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Presentation of the project


Personal names constitute a fundamental source for our understanding of ancient societies.  Onomastics reveal much about an individual’s cultural, social and geographic identity. Studying them throws important light on the processes of cultural change that affected the inhabitants of the Roman Empire as well as on family relations and the social organization of civic communities across the Roman provinces. 

The Iberian peninsula has long been a fertile area for the study of ancient onomastics. It has benefited from a long-standing tradition of research by major scholars such as María Lourdes Albertos Firmat and Jürgen Untermann and from a landmark publication: the Atlas antroponímico de la Lusitania romana, published in 2003 by the Institut Ausonius (Université Michel de Montaigne-Bordeaux III) and the Fundación de Estudios Romanos (Museo Nacional de Arte Romano, Mérida), the result of ten years of research by the « Grupo Mérida », an international research network comprising colleagues from Spain, Portugal, France and Canada. 

This work, which marks a fundamental advance in research on the onomastics of the Roman Empire, provides the scholarly community with an indispensable research tool. Based on the information available until 2002, its 339 maps and 2030 different names illumine in a specific and original manner the social fabric of the province of Lusitania in the High Empire.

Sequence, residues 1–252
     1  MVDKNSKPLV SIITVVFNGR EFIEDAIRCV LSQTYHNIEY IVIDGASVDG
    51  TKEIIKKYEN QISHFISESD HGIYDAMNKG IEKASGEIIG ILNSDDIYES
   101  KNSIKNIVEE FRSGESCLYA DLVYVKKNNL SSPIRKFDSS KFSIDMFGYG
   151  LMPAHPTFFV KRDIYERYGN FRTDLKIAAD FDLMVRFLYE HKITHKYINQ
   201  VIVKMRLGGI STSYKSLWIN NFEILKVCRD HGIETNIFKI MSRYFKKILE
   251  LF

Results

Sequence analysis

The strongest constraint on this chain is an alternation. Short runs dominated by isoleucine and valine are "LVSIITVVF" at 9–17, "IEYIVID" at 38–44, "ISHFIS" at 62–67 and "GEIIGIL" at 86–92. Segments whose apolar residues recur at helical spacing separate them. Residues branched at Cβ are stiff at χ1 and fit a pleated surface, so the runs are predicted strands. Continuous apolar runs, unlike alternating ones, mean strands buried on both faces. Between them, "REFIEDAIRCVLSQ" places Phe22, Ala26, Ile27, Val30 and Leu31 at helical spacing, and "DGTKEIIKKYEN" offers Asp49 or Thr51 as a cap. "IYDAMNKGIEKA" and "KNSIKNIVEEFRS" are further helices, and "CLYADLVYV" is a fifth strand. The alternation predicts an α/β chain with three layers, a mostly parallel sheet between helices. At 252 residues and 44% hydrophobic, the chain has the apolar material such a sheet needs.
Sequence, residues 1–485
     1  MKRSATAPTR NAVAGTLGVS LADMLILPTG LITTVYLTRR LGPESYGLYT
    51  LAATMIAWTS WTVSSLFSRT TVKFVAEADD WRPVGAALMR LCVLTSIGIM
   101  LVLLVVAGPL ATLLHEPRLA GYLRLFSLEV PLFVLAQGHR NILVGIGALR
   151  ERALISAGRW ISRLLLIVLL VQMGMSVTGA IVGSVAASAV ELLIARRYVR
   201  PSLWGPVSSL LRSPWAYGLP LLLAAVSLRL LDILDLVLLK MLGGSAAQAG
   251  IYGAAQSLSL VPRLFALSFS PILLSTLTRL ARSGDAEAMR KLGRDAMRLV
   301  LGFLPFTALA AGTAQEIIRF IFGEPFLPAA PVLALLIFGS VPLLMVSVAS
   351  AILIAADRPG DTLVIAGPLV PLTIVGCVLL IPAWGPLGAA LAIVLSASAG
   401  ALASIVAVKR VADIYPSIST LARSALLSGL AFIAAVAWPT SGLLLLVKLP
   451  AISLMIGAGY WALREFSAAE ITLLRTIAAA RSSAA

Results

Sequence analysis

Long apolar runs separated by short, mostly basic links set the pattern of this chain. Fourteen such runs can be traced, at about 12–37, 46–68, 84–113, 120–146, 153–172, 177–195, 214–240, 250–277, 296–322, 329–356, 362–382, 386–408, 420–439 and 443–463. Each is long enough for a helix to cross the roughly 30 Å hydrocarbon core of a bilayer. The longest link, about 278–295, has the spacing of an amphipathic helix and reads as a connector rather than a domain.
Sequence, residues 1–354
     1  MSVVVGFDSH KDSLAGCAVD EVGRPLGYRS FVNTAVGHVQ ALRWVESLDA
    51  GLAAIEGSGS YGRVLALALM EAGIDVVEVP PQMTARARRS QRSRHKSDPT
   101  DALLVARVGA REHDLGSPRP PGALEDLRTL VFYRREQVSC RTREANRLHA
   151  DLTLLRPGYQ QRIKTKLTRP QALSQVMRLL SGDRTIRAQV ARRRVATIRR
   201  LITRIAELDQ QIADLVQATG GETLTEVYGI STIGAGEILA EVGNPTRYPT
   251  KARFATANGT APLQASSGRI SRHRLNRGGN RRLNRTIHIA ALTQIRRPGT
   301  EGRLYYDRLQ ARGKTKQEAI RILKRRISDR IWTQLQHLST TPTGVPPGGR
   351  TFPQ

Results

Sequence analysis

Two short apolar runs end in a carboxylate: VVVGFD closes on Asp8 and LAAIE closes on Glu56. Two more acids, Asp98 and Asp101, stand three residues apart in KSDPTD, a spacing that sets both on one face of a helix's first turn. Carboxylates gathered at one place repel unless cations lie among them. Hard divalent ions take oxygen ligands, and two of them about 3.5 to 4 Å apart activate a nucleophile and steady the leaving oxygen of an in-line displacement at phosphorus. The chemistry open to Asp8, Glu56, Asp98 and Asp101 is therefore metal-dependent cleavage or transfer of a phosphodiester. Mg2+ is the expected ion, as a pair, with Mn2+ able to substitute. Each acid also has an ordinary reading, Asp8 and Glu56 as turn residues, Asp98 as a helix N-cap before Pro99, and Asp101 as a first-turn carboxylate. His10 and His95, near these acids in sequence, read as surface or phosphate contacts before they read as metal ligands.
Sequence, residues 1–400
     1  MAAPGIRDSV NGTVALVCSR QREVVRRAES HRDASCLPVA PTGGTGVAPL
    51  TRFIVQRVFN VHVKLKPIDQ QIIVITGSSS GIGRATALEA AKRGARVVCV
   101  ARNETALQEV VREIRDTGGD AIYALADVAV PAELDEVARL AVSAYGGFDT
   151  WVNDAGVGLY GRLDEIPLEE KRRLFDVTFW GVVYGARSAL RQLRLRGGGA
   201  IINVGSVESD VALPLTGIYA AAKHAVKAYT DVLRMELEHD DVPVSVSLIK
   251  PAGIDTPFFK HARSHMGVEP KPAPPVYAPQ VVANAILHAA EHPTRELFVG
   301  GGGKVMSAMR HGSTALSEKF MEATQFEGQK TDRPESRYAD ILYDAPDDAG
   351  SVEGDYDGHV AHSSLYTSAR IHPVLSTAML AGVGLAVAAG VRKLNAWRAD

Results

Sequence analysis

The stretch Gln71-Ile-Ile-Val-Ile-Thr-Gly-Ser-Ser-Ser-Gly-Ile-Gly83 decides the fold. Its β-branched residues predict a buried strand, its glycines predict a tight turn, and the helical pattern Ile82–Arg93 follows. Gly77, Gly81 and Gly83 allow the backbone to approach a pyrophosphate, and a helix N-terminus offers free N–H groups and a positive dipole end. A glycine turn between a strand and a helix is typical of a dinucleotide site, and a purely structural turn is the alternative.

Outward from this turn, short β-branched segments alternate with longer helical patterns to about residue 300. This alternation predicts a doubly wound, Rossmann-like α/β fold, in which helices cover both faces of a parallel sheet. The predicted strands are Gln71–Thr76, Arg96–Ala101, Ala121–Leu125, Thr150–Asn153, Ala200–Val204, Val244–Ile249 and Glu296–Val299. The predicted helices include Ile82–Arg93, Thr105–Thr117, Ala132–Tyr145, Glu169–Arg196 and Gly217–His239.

This web-site ADOPIA represents the continuation of this project. It combines the results of cutting-edge epigraphic research with all the advantages of new digital technologies, since its digital format allows new epigraphic data to be rapidly incorporated, resulting in a constant updating of the material.

The numerous possibilities that a Digital Humanities approach offers add considerable value and impact to the information now available, since ADOPIA allows both simple and advanced searches of names and individual naming practices attested in the provinces of Roman Hispania, as well as immediate mapping of the results of such searches. 

After uploading the material from Lusitania, ADOPIA will introduce onomastic data from the two other Hispanic provinces. The research team is currently working on the material from Baetica.

The work currently in process forms part of a research project funded by the Social Sciences and Humanities Research Council of Canada / Conseil des recherches en science humaines du Canada (SSHRC/CRSH): “Names and Identity in Roman Spain: the ADOPIA project” (Partnership Development Grant #890-2017-0039). This major support is supplemented by that provided by ADOPIA partner institutions the Faculty of Liberal Arts and Professional Studies (York University), the Institut Ausonius (CNRS – Université Bordeaux-Montaigne), the Centro CIL II (Universidad de Alcalá) and the Archivo Epigráfico de Hispania (Universidad Complutense, Madrid).